State v. Foster

136 Mo. 653 | Mo. | 1897

Sherwood, J.

The defendant, a negro,' with two others, Germans, Peter Schmidt and John Schmidt, was indicted at the January term, 1896, of the St. Louis county circuit court for murdering Bertram A. Atwater at Webster Groves, in that county, by shooting him to death with a pistol. This crime was committed in an attempt to rob Atwater, on the twenty-third day of January, 1896. At the same term, the accused parties entered their plea of not guilty, a severance was granted, and defendant being tried was found guilty of murder in the first degree, and sentenced to be hanged.

It appeared in evidence that the indicted parties formed a conspiracy to rob Atwater, and, in trying to effect such robbery, Atwater was shot and killed, defendant joining John Schmidt in firing on the deceased,. Defendant in a written statement signed by. him, admitted his guilt to Desmond, chief of detectives.

It is unnecessary to relate the facts in this case any further, as they will be found fully stated in an opinion *655by Gantt, P. J., delivered at the present term, in the case of State v. Peter Schmidt, ante, p. 644.

The indictment charges that the murder was committed in the attempt to rob Atwater, but such statement was wholly unnecessary, as the indictment may be drawn in common form, and then when proof is made that the homicide was done in the perpetration of a robbery, this proof being made is tantamount to that premeditation, deliberation, etc., which otherwise are necessary to be proven, in order to constitute murder in the first degree. State v. Hopkirk, 84 Mo. 278; State v. Meyers, 99 Mo. 107; State v. Donnelly, 130 Mo. 642.

But the unnecessary statement aforesaid did not vitiate the indictment; enough was stated outside of the matter in reference to the robbery, which made the indictment good, but we do not approve of the unnecessary averment.

Three grounds are urged for a new trial: ‘1 First, that the verdict is contrary to the law and the evidence. Second, that the court erred in not instructing the jury for a verdict in the second degree of murder. Third, that the court erred in allowing certain evidence to go to the jurors.”

As to the first ground, the solemn written confession of defendant answers that objection, to say nothing of other evidence.

There was nothing in this case to warrant a verdict for any other grade of crime than murder in the first degree, as has been already pointed out. And even if defendant had been entitled to an instruction on murder in the second degree, he did not take the proper advantage of the failure of the court thus to instruct, by excepting at the time the instructions were given, as ruled in State v. Cantlin, 118 Mo. 111; State v. Paxton, 126 Mo. 500, and other cases.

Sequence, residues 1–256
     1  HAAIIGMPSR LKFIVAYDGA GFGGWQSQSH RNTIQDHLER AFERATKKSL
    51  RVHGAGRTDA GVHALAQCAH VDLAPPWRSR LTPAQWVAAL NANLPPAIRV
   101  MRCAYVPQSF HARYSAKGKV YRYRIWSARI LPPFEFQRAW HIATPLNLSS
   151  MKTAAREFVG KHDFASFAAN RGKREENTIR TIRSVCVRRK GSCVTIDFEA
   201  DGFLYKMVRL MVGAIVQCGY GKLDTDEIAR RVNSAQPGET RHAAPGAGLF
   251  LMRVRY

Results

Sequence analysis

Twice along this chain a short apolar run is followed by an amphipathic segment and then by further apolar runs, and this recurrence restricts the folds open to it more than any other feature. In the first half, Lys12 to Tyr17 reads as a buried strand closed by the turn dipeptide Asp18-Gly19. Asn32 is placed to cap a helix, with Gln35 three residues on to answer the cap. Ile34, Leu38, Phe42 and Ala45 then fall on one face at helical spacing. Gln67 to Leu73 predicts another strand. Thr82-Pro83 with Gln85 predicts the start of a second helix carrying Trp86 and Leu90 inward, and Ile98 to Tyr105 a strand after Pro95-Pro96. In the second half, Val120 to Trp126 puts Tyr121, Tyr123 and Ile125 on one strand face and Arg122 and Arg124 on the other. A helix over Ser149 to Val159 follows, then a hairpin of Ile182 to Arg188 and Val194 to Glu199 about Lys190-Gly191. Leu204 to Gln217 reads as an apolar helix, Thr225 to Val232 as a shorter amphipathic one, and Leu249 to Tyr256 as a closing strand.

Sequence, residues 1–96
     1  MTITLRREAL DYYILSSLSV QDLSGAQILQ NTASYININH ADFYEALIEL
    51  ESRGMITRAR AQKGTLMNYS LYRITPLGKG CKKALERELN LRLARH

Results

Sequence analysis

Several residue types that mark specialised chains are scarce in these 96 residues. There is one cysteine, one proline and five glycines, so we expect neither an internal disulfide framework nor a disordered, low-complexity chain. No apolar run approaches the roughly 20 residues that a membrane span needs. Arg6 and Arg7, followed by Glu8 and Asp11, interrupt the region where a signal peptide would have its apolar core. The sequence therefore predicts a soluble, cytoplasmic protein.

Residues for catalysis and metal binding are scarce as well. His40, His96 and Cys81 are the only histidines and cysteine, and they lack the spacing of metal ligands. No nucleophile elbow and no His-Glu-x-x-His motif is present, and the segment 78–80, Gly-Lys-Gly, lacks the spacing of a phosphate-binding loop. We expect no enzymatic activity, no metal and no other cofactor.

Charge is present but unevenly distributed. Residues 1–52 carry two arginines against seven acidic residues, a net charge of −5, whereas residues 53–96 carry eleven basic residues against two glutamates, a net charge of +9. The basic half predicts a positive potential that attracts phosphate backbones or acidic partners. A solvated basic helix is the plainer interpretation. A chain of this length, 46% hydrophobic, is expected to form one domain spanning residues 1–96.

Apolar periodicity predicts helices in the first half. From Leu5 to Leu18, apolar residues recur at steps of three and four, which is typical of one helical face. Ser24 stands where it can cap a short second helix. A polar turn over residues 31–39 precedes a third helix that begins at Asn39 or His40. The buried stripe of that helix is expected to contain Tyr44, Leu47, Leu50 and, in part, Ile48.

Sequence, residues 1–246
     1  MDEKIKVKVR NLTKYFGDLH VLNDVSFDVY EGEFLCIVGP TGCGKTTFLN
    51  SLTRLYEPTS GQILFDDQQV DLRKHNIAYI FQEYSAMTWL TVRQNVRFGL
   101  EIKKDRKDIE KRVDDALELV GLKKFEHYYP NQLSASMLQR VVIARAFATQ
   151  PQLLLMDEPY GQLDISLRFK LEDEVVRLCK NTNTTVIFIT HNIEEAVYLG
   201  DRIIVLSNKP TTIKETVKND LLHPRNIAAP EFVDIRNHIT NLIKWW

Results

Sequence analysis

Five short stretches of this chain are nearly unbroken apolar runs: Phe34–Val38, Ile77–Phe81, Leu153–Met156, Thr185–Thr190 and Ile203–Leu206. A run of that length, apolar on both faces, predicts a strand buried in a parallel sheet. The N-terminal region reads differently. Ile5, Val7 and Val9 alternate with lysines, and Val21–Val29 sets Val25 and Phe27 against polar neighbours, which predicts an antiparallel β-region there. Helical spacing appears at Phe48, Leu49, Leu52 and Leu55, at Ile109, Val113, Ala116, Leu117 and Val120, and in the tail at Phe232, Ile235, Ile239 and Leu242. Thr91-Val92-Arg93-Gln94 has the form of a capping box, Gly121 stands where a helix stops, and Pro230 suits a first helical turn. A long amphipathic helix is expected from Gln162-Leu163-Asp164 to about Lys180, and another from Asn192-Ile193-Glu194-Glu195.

*656Nor did substantial error occur in the admission of evidence, to which defendant objected.

Dr. Castor was asked, before he had qualified as an expert, as to whether the wound inflicted was the cause of Atwater’s death, and this question was objected to by defendant after the doctor had answered, and thereupon the doctor having qualified, the question was re-asked and re-answered without objection.

Next an objection was interposed by defendant, when a question was asked a witness relative to the condition of defendant’s clothing, and the reason assigned was that the question had already been answered. But the court permitted the witness to state that defendant’s feet were muddy. This question had not been previously answered as a matter of fact, and though it had, the re-answering would constitute no error.

Eielden was asked whether he had held a prior conversation with defendant and his associates, and answered in the negative. After this answer was given, defendant objected to it, etc. What possible ground there was for such an objection it is impossible to conceive.

The last objection was made by the defendant to a question asked the samé witness as to whether during the investigation defendant attempted to flee or escape. The state had the right to show that defendant attempted to make his escape, and this on the ground that it furnished some evidence of his guilt.

Finding no error in the record, we affirm the judgment and order the sentence passed upon defendant to be executed.

All concur.